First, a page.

Medical Dictionary

Medical Dictionary

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smooth muscle tissue

Smooth muscle tissue is a non-voluntary muscle type named for the fact that its cells do not have a microscopically visible banding or striation pattern. It is found primarily in hollow organs, such as blood vessels and the digestive tract. It also makes up muscles that pull skin hairs erect, focus the eyes, and adjust the diameter of the pupils of the eyes.

Its control mechanisms are more diverse than those of other muscle types. Depolarization of the cell membrane and increases in cytosolic calcium concentration promote contraction. This can be accomplished through many different signaling pathways. Generally this muscle type responds to some combination of stimulation by the autonomic division of the nervous system, hormonal control, its own intrinsic pacemaking muscle cells, and detection of environmental conditions around the smooth muscle cells. Smooth muscle behavior is a crucial part of conditions as diverse as high blood pressure, asthma, and urinary incontinence.

Smooth muscle, like other muscle tissue, is a tissue type that can pull on other structures by the ATP-powered contraction of the smooth muscle cells. Like other muscle cell types, smooth muscle uses interaction between the proteins myosin and actin to do this. Unlike the situation in other kind of muscle cells, the actin and myosin in smooth muscle cells is not arranged in the closely-aligned repeating structures of sarcomeres. Instead, smooth muscle actin and myosin are arranged in a mesh or net within the cell. This mesh is anchored to the cytoskeleton of the cell, and when myosin pulls on actin during their interaction, the entire cytoskeleton of the cell is pulled into a shorter and thicker form, usually with a spiral twist. This pattern of actin and myosin arrangement is not externally visible with a light microscope, so the cells have a homogeneous internal appearance except for the single nucleus. Other muscle types are called striated due to an externally visible geometric arrangement of actin and myosin that gives skeletal and cardiac muscle cells a banded appearance.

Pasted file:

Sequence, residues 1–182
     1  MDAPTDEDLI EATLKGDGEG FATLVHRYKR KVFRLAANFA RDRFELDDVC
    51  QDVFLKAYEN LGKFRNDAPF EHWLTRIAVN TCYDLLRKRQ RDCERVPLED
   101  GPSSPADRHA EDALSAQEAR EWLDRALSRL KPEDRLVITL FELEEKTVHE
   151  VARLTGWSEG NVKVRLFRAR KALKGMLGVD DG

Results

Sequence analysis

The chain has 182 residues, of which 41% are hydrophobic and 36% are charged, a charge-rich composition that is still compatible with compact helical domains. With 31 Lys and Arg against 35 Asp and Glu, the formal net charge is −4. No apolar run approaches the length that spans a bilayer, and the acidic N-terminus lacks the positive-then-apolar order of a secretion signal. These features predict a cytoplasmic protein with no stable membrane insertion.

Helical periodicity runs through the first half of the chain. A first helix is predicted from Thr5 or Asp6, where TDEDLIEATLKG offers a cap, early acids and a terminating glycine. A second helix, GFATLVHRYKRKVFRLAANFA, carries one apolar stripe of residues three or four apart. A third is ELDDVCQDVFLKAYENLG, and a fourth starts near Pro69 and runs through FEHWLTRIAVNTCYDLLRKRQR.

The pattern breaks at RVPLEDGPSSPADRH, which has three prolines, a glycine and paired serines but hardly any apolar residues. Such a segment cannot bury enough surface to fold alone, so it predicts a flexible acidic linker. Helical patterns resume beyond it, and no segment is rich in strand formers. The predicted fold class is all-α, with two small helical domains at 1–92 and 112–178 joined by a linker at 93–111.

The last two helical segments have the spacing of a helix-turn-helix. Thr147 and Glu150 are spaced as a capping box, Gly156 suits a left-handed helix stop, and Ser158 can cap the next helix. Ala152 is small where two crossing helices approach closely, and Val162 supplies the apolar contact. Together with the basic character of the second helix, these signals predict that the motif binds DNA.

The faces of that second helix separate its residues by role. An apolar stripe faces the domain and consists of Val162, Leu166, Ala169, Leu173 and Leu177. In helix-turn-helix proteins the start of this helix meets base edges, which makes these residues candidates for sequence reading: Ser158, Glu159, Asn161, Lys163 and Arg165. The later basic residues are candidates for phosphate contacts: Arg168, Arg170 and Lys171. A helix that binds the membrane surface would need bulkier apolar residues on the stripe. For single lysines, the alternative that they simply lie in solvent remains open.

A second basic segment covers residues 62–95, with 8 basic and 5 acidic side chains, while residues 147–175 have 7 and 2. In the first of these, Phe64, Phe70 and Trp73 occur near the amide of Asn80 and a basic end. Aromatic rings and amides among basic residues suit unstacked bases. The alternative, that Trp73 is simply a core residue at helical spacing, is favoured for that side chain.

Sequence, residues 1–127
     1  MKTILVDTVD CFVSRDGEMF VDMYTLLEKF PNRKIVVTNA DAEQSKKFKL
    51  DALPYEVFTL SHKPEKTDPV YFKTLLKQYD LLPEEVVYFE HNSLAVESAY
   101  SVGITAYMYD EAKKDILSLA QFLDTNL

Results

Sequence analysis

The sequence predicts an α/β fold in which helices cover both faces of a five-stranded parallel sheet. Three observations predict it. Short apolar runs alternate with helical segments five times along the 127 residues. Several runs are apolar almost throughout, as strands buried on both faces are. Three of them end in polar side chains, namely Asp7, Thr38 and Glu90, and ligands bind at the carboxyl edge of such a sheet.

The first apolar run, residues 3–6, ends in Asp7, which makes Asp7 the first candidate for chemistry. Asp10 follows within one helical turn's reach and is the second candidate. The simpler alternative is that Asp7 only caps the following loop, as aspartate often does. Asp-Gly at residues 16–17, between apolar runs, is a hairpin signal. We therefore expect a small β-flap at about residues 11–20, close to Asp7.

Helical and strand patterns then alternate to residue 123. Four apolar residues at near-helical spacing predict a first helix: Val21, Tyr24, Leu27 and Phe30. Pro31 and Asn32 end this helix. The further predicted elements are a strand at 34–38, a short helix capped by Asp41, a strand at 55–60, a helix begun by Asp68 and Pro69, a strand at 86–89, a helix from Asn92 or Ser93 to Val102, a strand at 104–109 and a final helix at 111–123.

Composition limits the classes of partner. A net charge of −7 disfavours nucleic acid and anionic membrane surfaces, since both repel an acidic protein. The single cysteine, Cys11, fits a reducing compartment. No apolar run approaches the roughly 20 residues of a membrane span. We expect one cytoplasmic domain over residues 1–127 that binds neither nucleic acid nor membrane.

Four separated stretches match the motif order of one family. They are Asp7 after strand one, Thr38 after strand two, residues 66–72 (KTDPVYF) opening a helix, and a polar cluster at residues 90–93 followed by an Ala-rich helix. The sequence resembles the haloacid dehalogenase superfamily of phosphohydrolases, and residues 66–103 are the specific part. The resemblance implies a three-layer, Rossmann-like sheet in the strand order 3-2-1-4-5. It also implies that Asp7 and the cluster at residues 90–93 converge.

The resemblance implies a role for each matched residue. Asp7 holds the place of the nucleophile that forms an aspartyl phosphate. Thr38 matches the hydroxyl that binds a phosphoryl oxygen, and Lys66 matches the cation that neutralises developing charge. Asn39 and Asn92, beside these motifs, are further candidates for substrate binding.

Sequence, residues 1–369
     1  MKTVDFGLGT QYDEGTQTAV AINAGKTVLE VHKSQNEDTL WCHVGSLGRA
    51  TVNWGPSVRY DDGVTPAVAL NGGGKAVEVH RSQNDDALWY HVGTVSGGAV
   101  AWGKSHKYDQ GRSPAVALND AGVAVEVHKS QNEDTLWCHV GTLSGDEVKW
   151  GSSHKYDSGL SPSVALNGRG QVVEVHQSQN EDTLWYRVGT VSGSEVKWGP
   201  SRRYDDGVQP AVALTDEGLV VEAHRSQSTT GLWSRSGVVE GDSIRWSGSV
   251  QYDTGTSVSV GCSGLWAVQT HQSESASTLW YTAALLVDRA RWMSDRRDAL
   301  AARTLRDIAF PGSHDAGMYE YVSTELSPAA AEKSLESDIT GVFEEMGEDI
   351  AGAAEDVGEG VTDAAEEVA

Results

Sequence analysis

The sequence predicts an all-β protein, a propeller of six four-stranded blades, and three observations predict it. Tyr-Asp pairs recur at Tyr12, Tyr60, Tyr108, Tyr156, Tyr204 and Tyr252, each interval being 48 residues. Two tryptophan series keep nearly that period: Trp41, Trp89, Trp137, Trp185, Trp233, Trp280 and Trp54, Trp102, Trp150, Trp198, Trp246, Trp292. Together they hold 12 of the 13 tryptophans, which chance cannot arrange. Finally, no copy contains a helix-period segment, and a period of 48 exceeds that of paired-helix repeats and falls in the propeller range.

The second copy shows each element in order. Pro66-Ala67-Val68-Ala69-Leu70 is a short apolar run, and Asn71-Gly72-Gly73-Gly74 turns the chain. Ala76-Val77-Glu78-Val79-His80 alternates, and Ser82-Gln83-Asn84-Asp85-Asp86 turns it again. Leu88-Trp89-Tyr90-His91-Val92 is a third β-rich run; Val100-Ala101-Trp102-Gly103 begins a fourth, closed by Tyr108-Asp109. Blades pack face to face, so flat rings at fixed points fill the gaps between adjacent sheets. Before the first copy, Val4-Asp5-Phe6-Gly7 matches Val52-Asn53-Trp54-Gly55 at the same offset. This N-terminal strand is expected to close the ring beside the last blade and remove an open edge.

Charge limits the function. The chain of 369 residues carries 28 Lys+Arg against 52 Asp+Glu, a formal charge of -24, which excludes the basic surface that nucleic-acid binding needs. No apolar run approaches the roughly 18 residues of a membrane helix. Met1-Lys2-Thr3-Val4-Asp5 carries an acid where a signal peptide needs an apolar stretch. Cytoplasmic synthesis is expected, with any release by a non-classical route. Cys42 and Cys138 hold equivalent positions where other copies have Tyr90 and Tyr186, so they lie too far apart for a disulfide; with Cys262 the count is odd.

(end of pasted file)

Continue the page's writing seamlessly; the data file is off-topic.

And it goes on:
Smooth muscle is called an involuntary muscle type because its contraction cannot be triggered by conscious effort. Most smooth muscles do respond to neurotransmitters released from the nervous system, but the part of the nervous system used for this control is the non-voluntary autonomic motor division. For example, you could indirectly manage the smooth muscle in the irises of your eyes by moving from a bright environment to a dimmer one. The light-sensing retinas of your eyes would notify parts of your brainstem about the lighting change. Without your conscious intention, your brainstem can then send autonomic motor directions, by means of nerves and neurotransmitters, to the smooth muscles located in the irises of your eyes. Some iris smooth muscle cells would be instructed to relax, others to contract, and the pupils of your eyes would enlarge. This lets more light reach the retinas of your eyes.

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